China allows employees to terminate labor contracts by giving 30 days written notice to the employer during the standard employment term or 3 days written notice during the probation period.
Our clients occasionally ask us whether it is permissible under Chinese law to require an employee to pay a certain amount of money (代通知金 or 代替通知金) to an employer, when the employee tries to terminate the labor contract without prior written notice. We have received inconsistent responses from a few cities’ labor bureaus, but it seems the majority think that would be illegal, and putting such a provision into an employment contract would be illegal as well.
To be clear, the phrase “代通知金” is nowhere to be found in China’s Labor Contract Law. The concept does exist in the Law though: for example, Article 40 provides a list of circumstances under which an employer may terminate an employee without cause but must either give a 30 days’ written notice or payment of an additional month’s salary to the terminated employee.
As indicated above, it seems that payment in lieu of notice may only be applied to an employer, and that requiring an employee to pay in lieu of notice is not in line with PRC labor laws. One major reason is that China’s Labor Contract Law was intended to make it relatively easy for employees to terminate labor contracts. Employees should be able to get out of an employment relationship simply by giving prior written notice and, perhaps more importantly, they should be able to do so without a penalty. Therefore, any additional obligation on the part of the employee would violate the spirit of the law, even if the employee has some choice in the matter.
Some practitioners also believe that an employee “payment in lieu of notice” constitutes a penalty under Chinese laws, which are fairly strict about when an employer can impose a penalty on an employee. Specifically, China’s Labor Contract Law allows only the following two circumstances when an employer and an employee can agree on a penalty provision payable by the employee.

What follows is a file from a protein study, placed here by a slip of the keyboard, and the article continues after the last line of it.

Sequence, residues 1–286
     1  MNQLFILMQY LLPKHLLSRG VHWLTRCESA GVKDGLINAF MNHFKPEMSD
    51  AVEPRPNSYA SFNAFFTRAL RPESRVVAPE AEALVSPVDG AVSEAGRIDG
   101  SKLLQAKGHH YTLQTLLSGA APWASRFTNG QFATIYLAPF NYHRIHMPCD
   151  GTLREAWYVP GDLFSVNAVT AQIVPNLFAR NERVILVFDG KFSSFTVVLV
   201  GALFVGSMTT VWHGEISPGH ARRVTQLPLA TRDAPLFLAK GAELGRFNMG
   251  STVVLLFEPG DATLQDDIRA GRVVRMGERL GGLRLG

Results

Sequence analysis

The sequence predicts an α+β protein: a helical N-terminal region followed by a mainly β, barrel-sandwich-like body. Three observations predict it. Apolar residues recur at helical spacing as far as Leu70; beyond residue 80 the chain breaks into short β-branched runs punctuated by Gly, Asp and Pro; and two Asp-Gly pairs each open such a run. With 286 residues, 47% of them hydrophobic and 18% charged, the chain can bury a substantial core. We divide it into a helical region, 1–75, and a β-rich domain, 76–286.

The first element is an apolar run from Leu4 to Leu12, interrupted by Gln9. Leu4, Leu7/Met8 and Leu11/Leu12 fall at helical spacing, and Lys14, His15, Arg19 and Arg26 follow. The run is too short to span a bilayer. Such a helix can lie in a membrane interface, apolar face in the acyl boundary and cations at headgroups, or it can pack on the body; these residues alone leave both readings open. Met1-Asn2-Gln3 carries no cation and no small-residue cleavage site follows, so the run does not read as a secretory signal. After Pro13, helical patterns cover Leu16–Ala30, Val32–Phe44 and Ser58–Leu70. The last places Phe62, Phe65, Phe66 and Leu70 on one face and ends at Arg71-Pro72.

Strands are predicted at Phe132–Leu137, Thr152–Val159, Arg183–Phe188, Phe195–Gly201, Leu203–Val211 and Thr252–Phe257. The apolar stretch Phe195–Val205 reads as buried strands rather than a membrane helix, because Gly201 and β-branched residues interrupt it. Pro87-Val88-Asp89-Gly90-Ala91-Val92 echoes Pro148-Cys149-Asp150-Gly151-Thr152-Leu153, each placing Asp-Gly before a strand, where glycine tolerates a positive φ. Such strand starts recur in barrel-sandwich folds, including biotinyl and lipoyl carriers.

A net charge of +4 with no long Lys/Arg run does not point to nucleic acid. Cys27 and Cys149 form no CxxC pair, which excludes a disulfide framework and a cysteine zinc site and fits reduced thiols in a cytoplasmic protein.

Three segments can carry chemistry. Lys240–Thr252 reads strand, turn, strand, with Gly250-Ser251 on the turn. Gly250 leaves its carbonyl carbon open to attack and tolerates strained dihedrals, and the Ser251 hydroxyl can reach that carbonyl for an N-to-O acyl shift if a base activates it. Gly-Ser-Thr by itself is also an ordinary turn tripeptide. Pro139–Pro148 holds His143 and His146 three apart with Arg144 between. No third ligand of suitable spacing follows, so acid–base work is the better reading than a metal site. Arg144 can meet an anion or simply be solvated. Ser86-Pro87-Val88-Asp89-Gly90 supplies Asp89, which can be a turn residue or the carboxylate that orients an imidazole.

- Pursuant to an education reimbursement agreement, an employer can require that the employee reimburse the company for the education expenses if the company pays major expenses for an employee’s employment-related education or training, but after the training is complete, the employee quits.
- Pursuant to a non-compete provision or agreement, an employer can require an employee pay a penalty to the company if the employee violates any non-compete terms by, for example, joining a competitor after leaving employment.
China’s Labor Contract Law makes clear that except for the two circumstances above, an employer and an employee may not agree on any provision that requires the employee to pay a penalty to the employer.
Bottom Line: The safest thing for you to do as an employer is to require your employees give 30 days prior written notice during the standard employment term, and 3 days written notice during the probation period, for early termination of a labor contract, and not to provide or take money in lieu of that